A call for help from outgoing president of the Board of Directors for the Friends of the UCSC Farm & Garden, Jeffrey Caspary, come to my in-box last week. He needed people on Wednesday to help cook for the class of student apprentices that had arrived in late April at the farm. So I thought, "That can't be a bad way to spend part of my birthday."
I had promised a 2:00-6:00 shift, but when I checked in yesterday at 11:00 in the morning, I found that I was needed sooner than later. So I loaded up my Indian spices, my new mortar and pestle*, and several ingredients of promise, into the car, and arrived at the farm at noon.
Walking to the kitchen was a joy: a hillside of bright orange California poppies were blooming under fruit trees, surrounded by tall red clover, also in bloom. (No pictures except one, below: I was too busy and time was tight.)
"Many hands, light work." Is that a Shaker or a Quaker saying? I don't know, but it's one of my favorites, and Jeffrey himself said it as we started to shell some of the seventeen thousand pounds of fava beans he ambitiously had blanched. He then busied himself with other tasks as Edna, also on the board, tried to master the art of shelling favas. She admitted defeat early on, saying, "Never has a vegetable gotten the best of me so quickly," which left me to shell them for the next two hours, until my neck and shoulders could take no more.
* Both Jeffrey and Edna wanted to order one after working with this wonderful kitchen tool.
The apprentices showed up at noon, milling hopefully around and enjoying the enticing aromas that filled the large room. Jeffrey had been toasting spices, and had made two different dals, along with a green salad and more, for lunch. I'd been sitting in the shade outside, awaiting the arrival of one particular apprentice, Suzie Yates.
Suzie and her sister, Christie, have a blog of their own: The Perfect Bite. She and I had waved to each other across the internet a time or two, and I was really happy when I learned that she was one of the handful of applicants to the CASFS six-month program to be accepted. Somebody told her where to find me, and let me just say that Ms. Suzie did not fail "great handshake" lessons. (I wish someone would teach all women how to shake hands, seriously. What are people so afraid of? It's a hand: grasp it!)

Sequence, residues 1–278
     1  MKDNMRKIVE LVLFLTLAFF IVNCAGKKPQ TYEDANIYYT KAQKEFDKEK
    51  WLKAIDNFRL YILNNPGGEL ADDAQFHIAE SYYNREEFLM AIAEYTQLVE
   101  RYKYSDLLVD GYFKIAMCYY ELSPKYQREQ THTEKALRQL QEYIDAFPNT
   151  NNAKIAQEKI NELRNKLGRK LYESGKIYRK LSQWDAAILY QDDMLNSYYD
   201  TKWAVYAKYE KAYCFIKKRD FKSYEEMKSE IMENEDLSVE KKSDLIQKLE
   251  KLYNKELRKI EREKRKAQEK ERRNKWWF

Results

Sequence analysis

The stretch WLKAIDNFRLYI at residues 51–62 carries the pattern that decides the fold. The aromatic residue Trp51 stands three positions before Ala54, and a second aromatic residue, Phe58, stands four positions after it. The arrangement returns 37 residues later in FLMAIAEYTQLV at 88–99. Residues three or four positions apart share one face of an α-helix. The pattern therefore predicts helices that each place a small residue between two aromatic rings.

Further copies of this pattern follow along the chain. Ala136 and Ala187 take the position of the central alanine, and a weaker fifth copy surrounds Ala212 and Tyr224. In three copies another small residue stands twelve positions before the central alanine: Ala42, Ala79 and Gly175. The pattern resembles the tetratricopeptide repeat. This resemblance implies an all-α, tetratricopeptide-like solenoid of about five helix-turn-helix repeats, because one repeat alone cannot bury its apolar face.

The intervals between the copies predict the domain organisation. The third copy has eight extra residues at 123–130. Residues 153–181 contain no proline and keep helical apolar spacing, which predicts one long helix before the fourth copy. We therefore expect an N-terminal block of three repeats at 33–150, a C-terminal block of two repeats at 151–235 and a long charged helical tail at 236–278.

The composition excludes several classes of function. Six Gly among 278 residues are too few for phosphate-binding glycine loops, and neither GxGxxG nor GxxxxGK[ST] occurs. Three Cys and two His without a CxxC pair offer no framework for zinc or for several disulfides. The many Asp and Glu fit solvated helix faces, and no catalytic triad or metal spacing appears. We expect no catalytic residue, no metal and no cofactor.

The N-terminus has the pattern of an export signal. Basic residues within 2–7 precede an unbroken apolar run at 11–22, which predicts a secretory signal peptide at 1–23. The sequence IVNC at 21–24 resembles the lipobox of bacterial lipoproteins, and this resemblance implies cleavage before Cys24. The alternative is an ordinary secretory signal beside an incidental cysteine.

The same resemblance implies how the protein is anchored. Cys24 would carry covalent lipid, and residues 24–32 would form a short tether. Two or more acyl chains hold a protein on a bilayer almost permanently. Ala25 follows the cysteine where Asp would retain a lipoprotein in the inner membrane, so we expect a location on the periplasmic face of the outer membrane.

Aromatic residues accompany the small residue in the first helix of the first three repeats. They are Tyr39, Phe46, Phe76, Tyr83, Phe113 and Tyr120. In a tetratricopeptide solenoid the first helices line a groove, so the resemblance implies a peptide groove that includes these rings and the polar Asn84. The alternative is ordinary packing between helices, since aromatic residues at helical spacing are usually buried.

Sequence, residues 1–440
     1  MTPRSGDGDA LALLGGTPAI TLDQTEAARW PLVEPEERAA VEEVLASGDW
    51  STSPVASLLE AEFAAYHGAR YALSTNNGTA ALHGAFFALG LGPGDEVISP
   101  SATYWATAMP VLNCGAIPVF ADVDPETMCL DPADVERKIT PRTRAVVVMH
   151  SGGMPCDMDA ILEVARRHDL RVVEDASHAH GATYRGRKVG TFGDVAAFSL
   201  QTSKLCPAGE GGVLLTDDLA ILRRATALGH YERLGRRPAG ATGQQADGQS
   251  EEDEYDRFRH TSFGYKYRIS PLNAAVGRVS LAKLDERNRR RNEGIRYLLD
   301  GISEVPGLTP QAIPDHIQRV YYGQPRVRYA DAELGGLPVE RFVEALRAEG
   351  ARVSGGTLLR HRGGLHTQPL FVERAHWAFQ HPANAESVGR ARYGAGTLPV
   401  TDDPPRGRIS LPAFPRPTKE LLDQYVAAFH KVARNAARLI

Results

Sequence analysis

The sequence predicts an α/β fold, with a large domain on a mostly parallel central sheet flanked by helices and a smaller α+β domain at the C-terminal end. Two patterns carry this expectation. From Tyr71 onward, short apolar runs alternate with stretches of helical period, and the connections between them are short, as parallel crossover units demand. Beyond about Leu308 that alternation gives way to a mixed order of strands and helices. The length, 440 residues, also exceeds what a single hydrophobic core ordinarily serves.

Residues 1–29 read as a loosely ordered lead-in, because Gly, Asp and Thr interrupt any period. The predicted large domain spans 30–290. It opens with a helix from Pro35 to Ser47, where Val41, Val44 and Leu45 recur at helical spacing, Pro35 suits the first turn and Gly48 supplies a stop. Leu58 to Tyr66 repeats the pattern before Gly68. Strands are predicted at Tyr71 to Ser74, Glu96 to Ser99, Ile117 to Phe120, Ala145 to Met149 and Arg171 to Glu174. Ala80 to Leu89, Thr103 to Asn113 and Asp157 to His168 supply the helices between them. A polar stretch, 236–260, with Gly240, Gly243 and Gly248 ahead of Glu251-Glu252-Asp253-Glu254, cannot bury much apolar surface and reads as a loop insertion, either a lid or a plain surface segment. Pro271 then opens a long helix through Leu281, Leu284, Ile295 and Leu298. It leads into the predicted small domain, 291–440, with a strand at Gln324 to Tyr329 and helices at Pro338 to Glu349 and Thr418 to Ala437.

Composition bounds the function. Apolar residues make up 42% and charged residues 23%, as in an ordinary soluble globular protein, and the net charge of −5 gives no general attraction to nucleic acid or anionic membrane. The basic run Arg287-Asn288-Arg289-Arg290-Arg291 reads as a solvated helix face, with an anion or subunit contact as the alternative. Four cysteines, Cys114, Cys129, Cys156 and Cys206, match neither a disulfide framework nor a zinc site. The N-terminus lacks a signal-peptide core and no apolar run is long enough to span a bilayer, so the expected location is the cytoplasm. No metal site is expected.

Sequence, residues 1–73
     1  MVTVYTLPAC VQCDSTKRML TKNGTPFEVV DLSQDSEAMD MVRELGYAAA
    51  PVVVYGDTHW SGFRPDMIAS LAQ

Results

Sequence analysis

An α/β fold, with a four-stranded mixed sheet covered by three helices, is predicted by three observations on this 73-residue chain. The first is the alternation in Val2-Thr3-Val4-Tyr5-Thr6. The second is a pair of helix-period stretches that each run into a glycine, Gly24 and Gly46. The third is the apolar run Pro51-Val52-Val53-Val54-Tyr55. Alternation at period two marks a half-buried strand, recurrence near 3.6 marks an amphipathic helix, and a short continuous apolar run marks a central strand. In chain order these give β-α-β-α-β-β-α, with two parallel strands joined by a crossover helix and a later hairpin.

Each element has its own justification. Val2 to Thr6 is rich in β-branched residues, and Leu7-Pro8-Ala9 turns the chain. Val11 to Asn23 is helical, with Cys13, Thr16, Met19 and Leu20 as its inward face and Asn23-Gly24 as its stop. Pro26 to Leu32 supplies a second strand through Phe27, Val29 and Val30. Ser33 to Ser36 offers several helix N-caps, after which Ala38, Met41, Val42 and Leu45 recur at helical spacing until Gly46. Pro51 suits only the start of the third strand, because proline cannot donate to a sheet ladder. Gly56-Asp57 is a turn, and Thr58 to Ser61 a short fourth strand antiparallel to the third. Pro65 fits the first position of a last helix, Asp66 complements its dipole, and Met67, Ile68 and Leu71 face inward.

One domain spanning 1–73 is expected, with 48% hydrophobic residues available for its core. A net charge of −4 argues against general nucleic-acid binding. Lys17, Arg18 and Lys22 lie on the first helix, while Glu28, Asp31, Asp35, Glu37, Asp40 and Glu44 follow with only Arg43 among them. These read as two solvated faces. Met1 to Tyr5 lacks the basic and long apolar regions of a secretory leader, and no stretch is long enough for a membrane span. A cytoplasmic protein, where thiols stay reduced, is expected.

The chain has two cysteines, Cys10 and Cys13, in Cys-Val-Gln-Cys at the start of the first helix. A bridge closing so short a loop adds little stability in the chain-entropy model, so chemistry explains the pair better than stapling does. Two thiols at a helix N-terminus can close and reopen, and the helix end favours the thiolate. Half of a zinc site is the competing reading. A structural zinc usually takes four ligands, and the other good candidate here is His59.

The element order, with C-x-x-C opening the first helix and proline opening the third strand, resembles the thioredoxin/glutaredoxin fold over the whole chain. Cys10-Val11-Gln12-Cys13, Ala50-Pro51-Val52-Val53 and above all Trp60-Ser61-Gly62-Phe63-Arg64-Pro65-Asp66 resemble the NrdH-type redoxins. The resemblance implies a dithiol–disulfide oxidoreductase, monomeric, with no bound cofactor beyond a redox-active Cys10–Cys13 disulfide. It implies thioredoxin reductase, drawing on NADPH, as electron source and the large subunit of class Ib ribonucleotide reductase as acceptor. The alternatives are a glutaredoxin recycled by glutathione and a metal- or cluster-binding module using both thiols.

She quickly joined me under the eaves, and shelled favas for quite a while until the line for lunch had thinned. Meanwhile, she caught me up on her plans: Christie is a chef, and they want to open a restaurant as partners, with their older sister being the business visionary. She also hopes to establish some kind of basic farming with her church, in communities in Afghanistan (I hope I got that right).
Suzie said it's been amazing being at the farm, that they're being treated like kings and queens. Which is only as it should be. Another apprentice, a "second-year" (seven or eight students stay through the winter and go through the program a second year, guiding the first-years and overseeing a LOT of aspects of running the farm) named Leon stopped by to tell me that the tomatoes donated by Cynthia Sandberg at Love Apple Farm had just been transplanted into one-gallon pots, and that everyone was keenly aware of the promise they hold for the apprentices' personal kitchen garden. Leon also brought the slab of honey you see above: he's pretty involved with the bees at the farm. (I'll get there, I promise.)
At a little after 2:00, my daughter arrived: she'd made the trek to spend the afternoon and evening with me. She gamely shelled favas while I chopped a dozen onions for the evening meal (a classic dish called rajma, made with kidney beans). I don't cry when I chop onions, because of my contact lenses. This, as you can imagine, makes me very popular in volunteer kitchens. Plus, I love to chop. Love it.
After I finished making the cucumber-mint raita, it was pretty much time to go. I couldn't stay for dinner, as I had plans with Bob, my daughter, and my ex-husband to go out to dinner. We went to Ristorante Avanti, which is one of my favorite places of all time—they've been serving local and organic food for twenty years, and truly are friends of the farmers.
Dinner was as good as food gets, and Miguel sprang for a bottle of Talley Pinot Noir which our waitress had convinced us (easily) to buy. Calamari fritti...Caesar salad...lasagna with lamb and chicken and pork...chicken poulet (was that it?). All just perfect, and the company, especially.
Even at ten o'clock, it wasn't over: our friend, Charley arrived bearing birthday wine (La Crema Chardonnay, mmmmm), and stayed for a while. As is usual, hilarity ensued because he's a goofball who has a roaring laugh.
All in all, I'd do it again, even though I was not happy when I woke up. Just being on a farm changes everything, as always, for the better. You'll be hearing more about the apprentices here, as I want to focus on them for a while. Their stories are inspiring, and the things they are learning, even moreso.
Last little tidbit: for years, I've described the little hamlet where I live (Soquel, an unincorporated part fo Santa Cruz county) as "Mayberry LSD," based on a comic strip I'd seen years and years ago. Charley somehow unearthed it, and here it is: "The Quigmans."
I hope you laughed. I did.
THOUGHT FOR THE DAY: "You know everybody is ignorant, only on different subjects." —Will Rogers
Thanks for visiting.